Free Printers and Pricey Ink Cartridges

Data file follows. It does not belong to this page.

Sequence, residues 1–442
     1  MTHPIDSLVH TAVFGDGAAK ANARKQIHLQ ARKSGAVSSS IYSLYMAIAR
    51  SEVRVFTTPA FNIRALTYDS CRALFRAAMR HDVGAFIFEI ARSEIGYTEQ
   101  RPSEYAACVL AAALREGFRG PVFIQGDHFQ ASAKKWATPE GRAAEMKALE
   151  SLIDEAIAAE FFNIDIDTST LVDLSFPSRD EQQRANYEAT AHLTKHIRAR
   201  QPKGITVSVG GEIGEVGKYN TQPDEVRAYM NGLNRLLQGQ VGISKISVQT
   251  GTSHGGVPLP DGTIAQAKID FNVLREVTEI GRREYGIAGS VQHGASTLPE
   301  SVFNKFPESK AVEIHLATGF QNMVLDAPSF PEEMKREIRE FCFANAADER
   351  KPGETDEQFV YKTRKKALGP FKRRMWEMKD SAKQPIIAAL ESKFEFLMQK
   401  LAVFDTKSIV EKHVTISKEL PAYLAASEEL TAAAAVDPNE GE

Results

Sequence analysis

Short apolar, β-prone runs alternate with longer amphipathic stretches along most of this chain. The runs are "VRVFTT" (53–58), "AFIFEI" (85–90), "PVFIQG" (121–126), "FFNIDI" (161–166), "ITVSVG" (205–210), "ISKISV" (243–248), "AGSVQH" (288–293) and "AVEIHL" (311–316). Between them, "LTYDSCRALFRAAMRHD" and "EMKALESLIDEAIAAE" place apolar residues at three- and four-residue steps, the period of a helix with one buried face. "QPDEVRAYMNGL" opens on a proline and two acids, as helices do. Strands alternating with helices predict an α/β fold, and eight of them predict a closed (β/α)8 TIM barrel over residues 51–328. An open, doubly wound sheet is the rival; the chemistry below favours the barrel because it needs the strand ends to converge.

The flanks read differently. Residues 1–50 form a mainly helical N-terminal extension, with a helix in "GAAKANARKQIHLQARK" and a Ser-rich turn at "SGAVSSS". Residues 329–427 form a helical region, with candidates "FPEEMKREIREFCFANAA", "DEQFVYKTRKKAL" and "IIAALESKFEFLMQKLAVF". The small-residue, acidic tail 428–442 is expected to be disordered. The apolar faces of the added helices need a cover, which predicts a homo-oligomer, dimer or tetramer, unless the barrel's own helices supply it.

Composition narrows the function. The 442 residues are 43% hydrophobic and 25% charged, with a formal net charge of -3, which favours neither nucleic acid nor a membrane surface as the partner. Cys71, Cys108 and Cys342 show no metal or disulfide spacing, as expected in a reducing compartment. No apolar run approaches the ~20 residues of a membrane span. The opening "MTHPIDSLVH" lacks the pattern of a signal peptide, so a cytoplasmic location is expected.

When I started working on this book, I bought a new desktop from Dell Computers. As I completed the phone order with the Dell representative, he told me, “And, we have a special promotion underway this week. With your computer we can send you a printer free of charge, and with free shipping.” Why not? How could I say no? I had no reason to ask about the quality of the printer, but I had no reason to assume that it was a high-quality printer either. I was not surprised when the printer arrived that it was more or less minimal on all quality counts. It was about the size of an oversized loaf of bread but did have surprising speed and print quality for being what must have been Dell’s bottom-of-the-line printer. But then, why would I care? It was free. After about a hundred pages of printing, the black ink cartridge (about the size of a small bottle of aspirin) went dry. When I checked on a replacement cartridge from Dell, my free printer all of a sudden became pricey; the cost of the cartridge was $74.95! Most readers have probably had much the same experience on buying a new printer for little or nothing, only to learn later that replacement cartridges cost as much or more than the printer. According to one technology analyst, when an ink jet cartridge costs only $30 and holds about an ounce of ink, a gallon of ink costs $3,840, or over 1,200 times the cost of a gallon of gasoline in Southern California (at this writing).
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